ocp guinea pig guide tablet mockup

Get Your FREE Owner's Guide For Guinea Pigs And Help Your Special Friend Live its Best Life.

Do Guinea Pigs Pee and Poop Everywhere?

The first considerations you’ll make when deciding whether to get a new pet are how difficult they are to take care of and the impact they have on their environment.

Maybe you’re interested in getting a small pet because they seem like they would be relatively neat.

It’s perfectly logical to expect such small and adorable animals as a guinea lynx to be pretty easy to clean up after.

In reality, guineas poop and pee very frequently. Some guinea pig owners find themselves cleaning out their guinea pig cage multiple times in one day. It’s possible to potty train your piggies with time and effort, though. If you go this route, you will have a lot less cleaning up to do.

You probably feel a little nervous if you’re hearing all these things for the first time.

But don’t worry!

In this article, we’ll tell you everything you need to know about what normal, healthy poop in your guinea looks like, how to keep your friend’s cage clean, and how to potty train them if you choose.

do guinea pigs pee and poop everywhere

How Much Poop and Pee Are Normal for Guinea Pigs?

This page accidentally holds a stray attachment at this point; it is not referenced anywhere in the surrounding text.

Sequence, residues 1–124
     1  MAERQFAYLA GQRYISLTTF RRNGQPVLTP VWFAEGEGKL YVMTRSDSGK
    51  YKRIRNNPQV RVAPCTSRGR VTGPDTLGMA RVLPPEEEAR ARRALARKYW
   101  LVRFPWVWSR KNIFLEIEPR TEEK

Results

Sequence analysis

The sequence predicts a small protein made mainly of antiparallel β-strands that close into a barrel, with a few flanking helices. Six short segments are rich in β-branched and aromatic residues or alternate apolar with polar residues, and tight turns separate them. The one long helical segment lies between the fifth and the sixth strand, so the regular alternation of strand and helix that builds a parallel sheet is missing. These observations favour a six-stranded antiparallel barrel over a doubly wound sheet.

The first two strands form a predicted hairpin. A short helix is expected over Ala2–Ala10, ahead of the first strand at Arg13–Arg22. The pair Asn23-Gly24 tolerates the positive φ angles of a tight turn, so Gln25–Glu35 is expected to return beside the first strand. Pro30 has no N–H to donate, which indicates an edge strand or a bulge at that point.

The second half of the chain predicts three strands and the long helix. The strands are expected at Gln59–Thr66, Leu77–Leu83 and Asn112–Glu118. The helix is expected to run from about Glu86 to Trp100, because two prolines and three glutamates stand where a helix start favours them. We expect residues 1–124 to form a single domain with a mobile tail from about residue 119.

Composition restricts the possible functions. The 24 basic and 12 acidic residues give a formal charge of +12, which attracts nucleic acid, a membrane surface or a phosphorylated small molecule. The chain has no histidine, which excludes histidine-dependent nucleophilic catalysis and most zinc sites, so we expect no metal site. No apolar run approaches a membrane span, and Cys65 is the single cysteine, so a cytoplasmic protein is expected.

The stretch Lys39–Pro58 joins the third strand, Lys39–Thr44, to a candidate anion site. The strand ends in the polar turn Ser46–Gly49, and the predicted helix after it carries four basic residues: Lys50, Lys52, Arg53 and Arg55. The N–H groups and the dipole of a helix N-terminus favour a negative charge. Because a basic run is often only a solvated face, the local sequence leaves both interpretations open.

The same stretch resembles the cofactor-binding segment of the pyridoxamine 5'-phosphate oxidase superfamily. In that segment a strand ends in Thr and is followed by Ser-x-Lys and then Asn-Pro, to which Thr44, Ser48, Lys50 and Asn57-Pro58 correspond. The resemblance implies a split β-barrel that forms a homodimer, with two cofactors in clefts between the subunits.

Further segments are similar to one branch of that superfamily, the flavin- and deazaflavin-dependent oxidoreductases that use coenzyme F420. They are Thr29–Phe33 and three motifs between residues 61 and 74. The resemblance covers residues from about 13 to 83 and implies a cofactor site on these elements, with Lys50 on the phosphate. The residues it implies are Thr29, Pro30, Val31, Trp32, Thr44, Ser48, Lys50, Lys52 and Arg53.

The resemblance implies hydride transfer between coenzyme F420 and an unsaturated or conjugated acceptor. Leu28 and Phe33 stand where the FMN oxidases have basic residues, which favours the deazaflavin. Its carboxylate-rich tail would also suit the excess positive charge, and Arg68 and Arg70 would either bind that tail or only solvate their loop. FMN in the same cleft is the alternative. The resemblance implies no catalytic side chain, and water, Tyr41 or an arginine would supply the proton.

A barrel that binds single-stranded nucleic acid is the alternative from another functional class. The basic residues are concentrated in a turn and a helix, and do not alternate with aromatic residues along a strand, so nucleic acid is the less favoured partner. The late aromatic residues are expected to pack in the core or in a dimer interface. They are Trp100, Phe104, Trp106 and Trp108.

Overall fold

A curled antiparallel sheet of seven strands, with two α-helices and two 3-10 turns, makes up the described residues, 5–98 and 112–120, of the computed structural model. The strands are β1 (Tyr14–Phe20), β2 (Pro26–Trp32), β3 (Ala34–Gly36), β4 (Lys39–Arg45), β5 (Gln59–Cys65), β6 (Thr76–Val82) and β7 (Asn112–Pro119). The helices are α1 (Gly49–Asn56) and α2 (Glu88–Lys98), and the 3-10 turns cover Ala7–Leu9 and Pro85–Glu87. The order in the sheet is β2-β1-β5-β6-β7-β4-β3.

Before we worry about clean-up, let’s first focus on what is and isn’t healthy.

Guinea pigs produce a lot of urine and feces throughout the day.

They spend a great deal of time eating, so it’s completely normal for them to be constantly defecating.

Many guineas tend to poop more often near their food and water because it’s convenient for them.

But it’s not uncommon for them to poop all over the place, inside and outside their cage.

Frequent pooping is to be expected during floor time and cage time.

Remember, guinea pigs are prey animals, and fear is innate to them.

If you notice your pet is frequently pooping or peeing on you during lap time, this may be a sign they’re feeling nervous.

With all this being said, if you’re worried, trust your gut.

It’s good practice to keep an eye on how much your piggy is pooping throughout the day.

If you have a general idea of how much is normal for them, you’ll likely recognize it right away when they start to become sick.

Don’t question your instincts. 

Get your furry friend checked out by a veterinarian.

What Does Normal Guinea Pig Poop Look Like?

A healthy guinea pig will pass oval-shaped poops. And they won’t be especially dark or light in color.

The key to keeping your piggy’s gut, and therefore their poop, healthy is to keep them on a good diet.

If your guinea lacks nutrients, eats too much fruit, or otherwise struggles to eat correctly, they are more likely to have soft or discolored poops.

Changes to their normal feces shape, color, or consistency are also sometimes signs of a viral infection or other kinds of infections.

Sometimes, smelly defecation means something is wrong, too, especially when accompanied by other changes to the color or consistency.

As a piggy owner, it’s a good idea to monitor your guinea’s habits when cleaning to avoid any issues they might be having.